Overcoming Our Three Mental Defects

By Rudra Shivananda

Our minds suffer from three primary defects that prevent us from evolving into higher consciousness. Over time, these defects have been called different names and various prescriptions have been given for their removal.

oval brown framed mirror

The first defect is called mala which means dirt. This is the inability of one’s mind to accurately reflect reality – the mind acts more like a dirty mirror which distorts and clouds what it reflects. This confusion about the nature of reality causes us to be attracted towards external sensory stimuli and becoming enamored of them.

The best antidote to mala is swadhaya, often called self-study. For our purpose, swadhaya is the effort to turn our attention inward and study one’s mental processes. There is great resistance and fear to being “alone” with one’s mind – that is an affect of mala.

The seeker needs to study the appearances and disappearances of thoughts, their nature and source so that she can detach from them. When the seeker no longer identifies with the evervescent thoughts then he has overcome the first mental defect.

However, not everyone can practice swadhaya successfully and an alternative is the practice of self-less work or karma yoga. If one does one’s duty without expectations or desires for reward, the mirror of the mind is purified, since it is our desires which continuously muddy up the mirror of our minds.

The second defect of the mind is vikshepa, the fickleness or inability to stay focused. This causes us to move from one attraction to another, one thought to another, without being able to penetrate the thoughts or stabilize them mind.

The best antidote is the practice of tapas or austerity. For our purposes, we are talking about the practice of concentration which involves keeping the body still and focusing the mind on a single object or subject. Over time, this will change the nature of the mind and overcome its fickleness.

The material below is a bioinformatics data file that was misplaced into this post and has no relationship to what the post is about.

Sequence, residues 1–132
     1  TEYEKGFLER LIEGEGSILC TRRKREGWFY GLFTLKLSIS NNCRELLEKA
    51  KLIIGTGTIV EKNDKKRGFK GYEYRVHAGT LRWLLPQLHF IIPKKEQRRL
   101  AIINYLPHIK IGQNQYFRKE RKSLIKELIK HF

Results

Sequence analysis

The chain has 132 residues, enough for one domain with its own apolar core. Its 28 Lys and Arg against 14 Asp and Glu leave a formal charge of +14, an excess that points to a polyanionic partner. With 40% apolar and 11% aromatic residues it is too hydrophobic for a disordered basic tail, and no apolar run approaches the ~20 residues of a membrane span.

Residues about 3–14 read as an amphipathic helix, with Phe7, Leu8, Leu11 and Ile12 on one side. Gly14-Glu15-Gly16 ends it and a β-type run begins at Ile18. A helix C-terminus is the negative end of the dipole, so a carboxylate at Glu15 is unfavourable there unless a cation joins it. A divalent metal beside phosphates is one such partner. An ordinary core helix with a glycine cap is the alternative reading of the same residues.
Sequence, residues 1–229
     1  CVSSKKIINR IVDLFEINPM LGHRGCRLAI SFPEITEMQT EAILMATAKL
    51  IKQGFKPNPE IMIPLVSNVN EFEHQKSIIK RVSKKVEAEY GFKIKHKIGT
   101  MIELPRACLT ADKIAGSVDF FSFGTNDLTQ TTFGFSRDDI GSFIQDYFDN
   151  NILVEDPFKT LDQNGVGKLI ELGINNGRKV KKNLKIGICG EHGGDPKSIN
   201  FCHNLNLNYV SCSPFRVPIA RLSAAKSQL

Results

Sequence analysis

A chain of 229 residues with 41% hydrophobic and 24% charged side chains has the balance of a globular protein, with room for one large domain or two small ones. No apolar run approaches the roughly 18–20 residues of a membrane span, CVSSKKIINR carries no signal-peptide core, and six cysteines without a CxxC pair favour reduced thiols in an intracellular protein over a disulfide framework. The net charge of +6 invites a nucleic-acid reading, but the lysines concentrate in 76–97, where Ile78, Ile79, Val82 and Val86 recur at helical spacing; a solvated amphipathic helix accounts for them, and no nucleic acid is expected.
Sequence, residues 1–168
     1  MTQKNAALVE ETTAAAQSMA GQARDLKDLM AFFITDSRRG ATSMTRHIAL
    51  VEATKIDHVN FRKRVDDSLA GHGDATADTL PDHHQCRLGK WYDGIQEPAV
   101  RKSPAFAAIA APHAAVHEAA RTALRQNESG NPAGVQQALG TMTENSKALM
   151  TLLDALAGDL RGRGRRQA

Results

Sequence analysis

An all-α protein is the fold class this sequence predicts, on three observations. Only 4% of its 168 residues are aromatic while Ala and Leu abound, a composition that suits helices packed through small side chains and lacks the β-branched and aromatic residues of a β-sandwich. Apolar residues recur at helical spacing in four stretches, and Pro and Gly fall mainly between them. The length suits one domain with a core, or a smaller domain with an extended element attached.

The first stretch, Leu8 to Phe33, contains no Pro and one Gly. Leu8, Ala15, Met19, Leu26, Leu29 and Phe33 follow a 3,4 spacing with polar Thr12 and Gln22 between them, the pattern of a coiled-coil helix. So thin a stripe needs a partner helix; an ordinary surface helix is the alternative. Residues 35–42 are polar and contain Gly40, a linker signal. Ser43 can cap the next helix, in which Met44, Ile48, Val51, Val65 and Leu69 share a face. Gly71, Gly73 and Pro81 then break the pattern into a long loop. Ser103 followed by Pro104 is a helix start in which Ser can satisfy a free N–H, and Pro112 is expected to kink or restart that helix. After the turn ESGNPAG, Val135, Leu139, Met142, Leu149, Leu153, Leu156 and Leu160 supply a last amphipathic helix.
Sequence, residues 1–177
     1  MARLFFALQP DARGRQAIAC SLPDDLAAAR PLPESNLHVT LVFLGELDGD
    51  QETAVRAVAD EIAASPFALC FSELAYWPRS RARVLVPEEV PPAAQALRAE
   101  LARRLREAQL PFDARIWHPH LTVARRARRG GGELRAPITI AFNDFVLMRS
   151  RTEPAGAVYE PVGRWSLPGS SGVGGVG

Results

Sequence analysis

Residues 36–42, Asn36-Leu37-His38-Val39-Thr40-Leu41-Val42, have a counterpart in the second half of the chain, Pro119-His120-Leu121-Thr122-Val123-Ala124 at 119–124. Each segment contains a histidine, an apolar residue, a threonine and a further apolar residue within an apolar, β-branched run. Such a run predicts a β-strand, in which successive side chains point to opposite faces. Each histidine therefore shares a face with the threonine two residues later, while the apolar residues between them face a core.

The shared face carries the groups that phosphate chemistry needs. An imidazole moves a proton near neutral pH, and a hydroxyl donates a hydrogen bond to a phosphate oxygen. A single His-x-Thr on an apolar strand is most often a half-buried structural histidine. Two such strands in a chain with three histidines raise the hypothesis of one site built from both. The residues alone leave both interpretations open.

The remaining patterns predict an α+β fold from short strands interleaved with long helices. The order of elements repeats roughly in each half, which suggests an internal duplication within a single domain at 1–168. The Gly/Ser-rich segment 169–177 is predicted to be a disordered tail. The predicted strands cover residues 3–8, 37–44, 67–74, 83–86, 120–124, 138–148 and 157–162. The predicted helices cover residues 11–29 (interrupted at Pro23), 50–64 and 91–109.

For those unable to practice tapas, an alternative is puja or japa – ritual worship or the recitation of mantras. These help to control the mind’s wandering nature and restrict it to a certain set of thoughts and visuals.

The third defect is the innate ignorance of the mind called avarana. It is the veil that hides our innate nature from our wandering mind. If you think of the mala as affecting our knowledge of the sensory world, then the avarana is affecting our knowledge of our true nature, to access our higher consciousness.

Due to avarana, we cannot tune inwards and so tune outwards instead. The antidote to avarana is iswarapranidhana or surrender to the Divine Will. It is the acceptance that there is a veil between our limited consciousness and the wisdom of the Divine. It is the acceptance and cultivation of inspiration and intuition. It is the willingness to let go of our own desires, wishes and even well-being in order to act according to our understanding of the divine will as directed towards the well-fare of others.

By the practice of tapas, swadhaya and iswarprandihana, which the sage Patanjali collectively called Kriya Yoga, one can steady the mind, clean the mental mirror and rent the veil of ignorance.

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